What to expect from a studio photoshoot
Updated: Mar 10, 2022
Every photographer has a different way of working, and after having worked with many clients, in many different settings, I have developed my own photoshoot process, which allows me to work effectively and deliver creative and high quality results, within a set timeframe.
I remember some of my customers mentioning that they were very relieved when they found out that I would be talking them through everything and guiding them through the whole photoshoot process, step by step.
Now I am not saying that every photographer will do that, but when you book a shoot with me, there is no need to worry about finding yourself in front of the camera without knowing what to do, as I will help you and guide you through the whole process.
Said that, I thought that writing a quick article on my photoshoot process might give you a bit more of an idea of what to expect when you come for the shoot, and further relieve the pressure.
The photoshoot process
Let’s start from the very beginning, you have arrived at my studio, I have offered you the customary glass of water, and you have comfortably taken a seat in my studio.
The purpose of the photos
When creating a photo, it is very important to keep in mind what the final purpose of the photo will be, as that will help us create images that deliver the results we are after.
For this reason during the first part of the photoshoot we are going to have a quick informal chat, during which I will try to find out a bit more about you and about the purpose of the photos.
As an example if you are self-employed and need personal branding photos to use on your website, and across the social media platforms you use to advertise your business, I will try to find out a bit more about your business, your customers, and the way you would like to present yourself.
If you are an actor, I will try to find out a bit more about what kind of roles you normally play, or which roles you would like to play, as that will give me an idea of what mood we are trying to create.
Outfits, backgrounds, and props
We will then go through your outfits, and I will show you a few backgrounds and props that would work well for the type of photos that we want to create.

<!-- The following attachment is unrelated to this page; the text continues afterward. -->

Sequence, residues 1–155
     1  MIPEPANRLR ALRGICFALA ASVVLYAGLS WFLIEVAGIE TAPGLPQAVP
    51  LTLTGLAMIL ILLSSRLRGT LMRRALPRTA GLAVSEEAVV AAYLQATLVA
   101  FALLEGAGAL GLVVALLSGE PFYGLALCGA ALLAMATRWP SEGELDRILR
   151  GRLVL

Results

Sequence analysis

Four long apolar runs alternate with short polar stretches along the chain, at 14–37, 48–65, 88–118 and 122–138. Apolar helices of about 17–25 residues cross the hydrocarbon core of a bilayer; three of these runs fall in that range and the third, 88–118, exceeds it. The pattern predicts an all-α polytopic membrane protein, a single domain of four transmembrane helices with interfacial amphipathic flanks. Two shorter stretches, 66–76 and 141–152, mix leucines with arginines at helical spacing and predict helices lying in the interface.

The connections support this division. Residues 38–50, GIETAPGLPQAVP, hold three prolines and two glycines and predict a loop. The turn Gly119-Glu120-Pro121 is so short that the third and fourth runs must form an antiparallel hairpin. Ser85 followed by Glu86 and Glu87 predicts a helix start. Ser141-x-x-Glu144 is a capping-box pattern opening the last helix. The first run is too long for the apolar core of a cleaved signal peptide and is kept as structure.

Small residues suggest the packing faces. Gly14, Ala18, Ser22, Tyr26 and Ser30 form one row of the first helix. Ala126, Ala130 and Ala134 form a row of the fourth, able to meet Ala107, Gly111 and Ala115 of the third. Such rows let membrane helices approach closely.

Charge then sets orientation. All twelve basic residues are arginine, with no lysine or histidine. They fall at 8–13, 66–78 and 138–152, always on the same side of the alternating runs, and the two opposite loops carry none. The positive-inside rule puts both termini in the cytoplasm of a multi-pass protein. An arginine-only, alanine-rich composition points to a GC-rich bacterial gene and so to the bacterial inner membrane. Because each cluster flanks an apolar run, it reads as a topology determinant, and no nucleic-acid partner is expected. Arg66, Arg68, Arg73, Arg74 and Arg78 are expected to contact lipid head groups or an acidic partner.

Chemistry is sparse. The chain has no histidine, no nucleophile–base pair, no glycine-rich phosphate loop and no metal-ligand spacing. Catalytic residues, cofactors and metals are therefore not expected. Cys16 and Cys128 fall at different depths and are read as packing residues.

I will then advise you on what outfits will work best not just in terms of colours and how well they will work with the backgrounds and props we will use, but also in terms of how suitable they are for the mood and image we are trying to create.
Once we have selected the outfits, backgrounds, and props that we are going to work with, we will create a running order, which will allow us to work efficiently and make the best of the time we have.
How I direct you
During the photoshoot I will help you and direct you throughout, but I find it useful to talk you through how I work before we actually start shooting.
I normally start by explaining how perspective, body language, and facial expression need to work seamlessly together to create the image, and explain to you how we are going to achieve that.
In this way, if for instance I ask you to lean forward slightly, you will know that the reason I am asking is because due to perspective, if you lean back too much your head will look too small in the photo.
Knowing why I am directing you in a certain way will help you to work with me in a seamless way and it will give us much better results.
There are plenty of different lighting set-ups, but we need to use the ones that fit with the mood we are trying to create, and/or the message we are trying to convey.
Based on what we discussed during the very first part of the photoshoot process, when we were talking about the purpose of the photos, I will already have in mind a few lighting set-ups that will work well with the mood we want to create.